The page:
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Planetary Nebula - an emission nebula (i.e., cloud of gas) emitted by certain types of stars when they die.

Fairly rare, out of 200 billion stars in our galaxy only 3000 planetary nebula are known to exist. There are certainly more...we can't clearly see all of the galaxy from the vicinity of earth. Too, a planetary nebula will only be in its visible phase for around 10,000 years (a blink of the eye on the cosmological time scale).

Planetary nebulas get their name from the early days of the telescope. Back then, telescopes were of low quality and anything that looked like a planet, but wasn't moving like a planet, was classified as a 'planetary' nebula. Telescopes quickly improved and even though it became obvious that planets and planetary nebula have very little in common, the name stuck.

The images of the planetary nebula below are presented in increasing order of their NGC (New General Catalog) number.


   
 

NGC 6720 (Messier 57) - the Ring Nebula in the constellation Lyra

Roughly 2000 light years away, M57 is the gas expelled from the central star (visible in the center of the nebula) as it switches from hydrogen to helium 'burning'. It's one of the best examples of a planetary nebula.

M57 is nearly overhead near midnight in July at mid-northern latitudes. Under a clear, dark sky it can be seen in a small telescope or binoculars as a greenish oval.

Technical details about the image: it's a combination of 10 images, 2 with a red filter, 2 with a green, 2 with a blue (two minutes with each filter), and four 10-minute exposures with no filter. Taken the night of July 1-2, 2008. 12" SCT at f/10, field is about 12 arc-minutes square.

 

   

NGC 6742 - planetary nebula in Draco

Notes: possible f/40 target

 

   
NGC 6853

NGC 6853 (Messier 27)- the 'Dumbbell' nebula in the constellation Vulpecula.

Discovered by Charles Messier in 1764, it's the most impressive 'planetary nebula' in the sky, and is easy with binoculars under a dark sky.

Technical details about the image: it's a combination of 4 images, 1 each with a red, green and blue filter and one through a clear filter. The red/green/blue images were 2 minutes each, and the clear exposure was 5 minutes. Taken August 3rd, 2008.

 

 

   
NGC 6894

NGC 6894 - planetary nebula in Cygnus

 

Technical details about the image: it's a combination of 3 images, 1 each with a red, green and blue filter, 300 seconds each. Taken July 12, 2009.

 

   
NGC 7008

NGC 7008 - planetary nebula in Cygnus

One of the fun things about doing this is the occasional surprise I have when I see something for the first time in color. By quickly scrolling through this page you can see that it's reasonable to think that planetary nebula have a lot of red in them. It was a delight when I assembled this image and saw a lot of blue and violet! Clearly NGC 7008 has some processes going on that are different than the garden-variety planetary nebula.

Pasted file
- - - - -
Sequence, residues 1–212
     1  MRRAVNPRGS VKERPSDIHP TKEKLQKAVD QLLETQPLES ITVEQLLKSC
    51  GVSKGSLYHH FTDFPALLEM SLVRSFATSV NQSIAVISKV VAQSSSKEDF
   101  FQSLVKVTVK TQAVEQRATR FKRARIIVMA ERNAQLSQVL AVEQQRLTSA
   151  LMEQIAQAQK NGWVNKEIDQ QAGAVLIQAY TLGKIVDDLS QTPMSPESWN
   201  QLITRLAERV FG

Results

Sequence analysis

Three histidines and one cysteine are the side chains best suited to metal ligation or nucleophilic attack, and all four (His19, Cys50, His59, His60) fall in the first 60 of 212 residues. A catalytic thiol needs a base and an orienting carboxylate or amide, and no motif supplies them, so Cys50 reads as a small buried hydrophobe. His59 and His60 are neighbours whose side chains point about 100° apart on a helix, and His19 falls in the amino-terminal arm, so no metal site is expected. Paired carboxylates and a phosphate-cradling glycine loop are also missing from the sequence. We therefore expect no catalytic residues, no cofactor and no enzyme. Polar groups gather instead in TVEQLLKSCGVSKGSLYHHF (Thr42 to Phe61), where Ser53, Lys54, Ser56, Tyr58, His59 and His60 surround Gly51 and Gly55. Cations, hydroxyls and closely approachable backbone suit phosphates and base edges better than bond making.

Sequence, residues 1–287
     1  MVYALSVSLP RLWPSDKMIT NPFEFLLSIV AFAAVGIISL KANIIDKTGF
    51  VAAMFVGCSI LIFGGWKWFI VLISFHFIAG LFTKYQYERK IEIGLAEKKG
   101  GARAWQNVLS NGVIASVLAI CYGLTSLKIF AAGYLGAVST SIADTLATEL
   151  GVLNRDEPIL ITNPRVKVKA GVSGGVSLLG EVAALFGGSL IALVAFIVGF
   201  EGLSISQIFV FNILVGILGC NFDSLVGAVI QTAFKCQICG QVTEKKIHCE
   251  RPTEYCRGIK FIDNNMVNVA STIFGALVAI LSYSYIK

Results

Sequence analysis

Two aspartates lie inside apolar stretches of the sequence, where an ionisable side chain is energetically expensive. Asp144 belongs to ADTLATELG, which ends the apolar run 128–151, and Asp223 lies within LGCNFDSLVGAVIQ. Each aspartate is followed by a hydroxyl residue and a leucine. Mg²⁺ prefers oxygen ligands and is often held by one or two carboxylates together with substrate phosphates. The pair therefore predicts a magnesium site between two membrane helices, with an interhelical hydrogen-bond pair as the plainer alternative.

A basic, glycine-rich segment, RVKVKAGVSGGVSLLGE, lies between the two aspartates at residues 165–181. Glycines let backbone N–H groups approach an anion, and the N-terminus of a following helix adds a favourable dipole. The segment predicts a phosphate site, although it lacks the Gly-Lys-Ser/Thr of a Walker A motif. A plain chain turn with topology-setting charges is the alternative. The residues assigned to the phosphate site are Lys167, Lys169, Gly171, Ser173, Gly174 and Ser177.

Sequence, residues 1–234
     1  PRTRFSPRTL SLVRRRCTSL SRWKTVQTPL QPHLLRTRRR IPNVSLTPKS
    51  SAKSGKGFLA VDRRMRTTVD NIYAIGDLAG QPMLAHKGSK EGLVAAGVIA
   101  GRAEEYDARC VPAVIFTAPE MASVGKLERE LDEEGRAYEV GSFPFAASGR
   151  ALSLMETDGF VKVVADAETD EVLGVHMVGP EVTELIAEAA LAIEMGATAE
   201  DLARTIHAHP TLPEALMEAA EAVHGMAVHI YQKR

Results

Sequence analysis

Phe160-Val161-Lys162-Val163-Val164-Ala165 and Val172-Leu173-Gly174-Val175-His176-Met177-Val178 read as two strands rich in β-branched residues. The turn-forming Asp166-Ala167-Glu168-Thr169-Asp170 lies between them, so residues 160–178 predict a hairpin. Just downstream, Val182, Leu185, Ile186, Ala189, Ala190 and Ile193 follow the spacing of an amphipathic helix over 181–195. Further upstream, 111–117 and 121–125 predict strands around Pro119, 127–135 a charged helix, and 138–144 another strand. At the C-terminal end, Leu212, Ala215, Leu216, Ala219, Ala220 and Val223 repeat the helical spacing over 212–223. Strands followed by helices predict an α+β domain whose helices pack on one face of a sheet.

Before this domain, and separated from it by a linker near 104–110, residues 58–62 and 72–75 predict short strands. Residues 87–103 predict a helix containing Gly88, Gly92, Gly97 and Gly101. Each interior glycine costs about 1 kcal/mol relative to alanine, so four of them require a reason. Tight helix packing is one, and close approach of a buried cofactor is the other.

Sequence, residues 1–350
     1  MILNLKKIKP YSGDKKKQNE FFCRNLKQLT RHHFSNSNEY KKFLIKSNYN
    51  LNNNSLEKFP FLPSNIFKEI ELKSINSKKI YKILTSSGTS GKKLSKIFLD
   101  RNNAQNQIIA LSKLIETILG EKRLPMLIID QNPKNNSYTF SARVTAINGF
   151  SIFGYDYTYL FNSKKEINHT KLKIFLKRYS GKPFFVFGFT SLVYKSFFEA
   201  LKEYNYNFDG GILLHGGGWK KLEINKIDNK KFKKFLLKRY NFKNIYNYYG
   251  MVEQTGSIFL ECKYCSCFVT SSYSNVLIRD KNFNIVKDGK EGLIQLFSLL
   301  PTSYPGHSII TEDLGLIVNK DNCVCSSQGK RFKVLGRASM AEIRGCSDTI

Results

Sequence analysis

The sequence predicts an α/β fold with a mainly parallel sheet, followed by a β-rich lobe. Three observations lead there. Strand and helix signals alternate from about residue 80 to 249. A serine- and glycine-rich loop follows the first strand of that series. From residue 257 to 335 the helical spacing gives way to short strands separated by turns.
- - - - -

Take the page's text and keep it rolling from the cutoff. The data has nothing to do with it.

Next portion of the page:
Technical details about the image: it's a combination of 3 images, 1 each with a red, green and blue filter, 240 seconds each. Taken September 7th, 2008.

 

   
NGC 7026

NGC 7026 - planetary nebula in Cygnus

Another great target...if you happen to have the Hubble Space Telescope at your disposal<g>. The problem with NGC 7026 isn't it's brightness, just that its so small. I'll revisit this one someday and give it a try with a Televue 4X barlow.

Technical details about the image: it's a combination of 3 images, 1 each with a red, green and blue filter, 240 seconds each. Taken September 7th, 2008.

The colorful vertical spike intruding into the image from the bottom is light from a bright star that was just outside the field of view.

 

   
NGC 7027

NGC 7027 - planetary nebula in Cygnus

As I mentioned before, many times these images are a surprise to me as it's often the first time I've seen a particular object, and the surprise isn't always good. NCG 7026 is unremarkable in this image. It's the slightly oval shaped blob in the center of the image that looks pretty much like a star. A pity, since it's a very interesting object. 2,600 light years distant, and given it's small size it must be in the early stages of planetary nebula formation.

Technical details about the image: it's a combination of 3 images, 1 each with a red, green and blue filter, 240 seconds each. Taken September 7th, 2008.

 

   
NGC 7048

NGC 7048 - planetary nebula in Cygnus

Technical details about the image: it's a combination of 3 images, 1 each with a red, green and blue filter, 240 seconds each. Taken early September, 2008.

Notes: possible f/40 target

 

   
NGC 7139

NGC 7139 - planetary nebula in Cepheus

Technical details about the image: it's a combination of 3 images, 1 each with a red, green and blue filter, 240 seconds each. Taken on September 7th, 2008.

 

   
PLN 88-1.1

PLN 88-1.1 - planetary nebula in Cepheus

Technical details about the image: it's a combination of 3 images, 1 each with a red, green and blue filter, 240 seconds each. Taken September 7th, 2008.

Notes: possible f/40 target

 

   

 

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Questions/comments, E-mail me at john at theastroimager dot com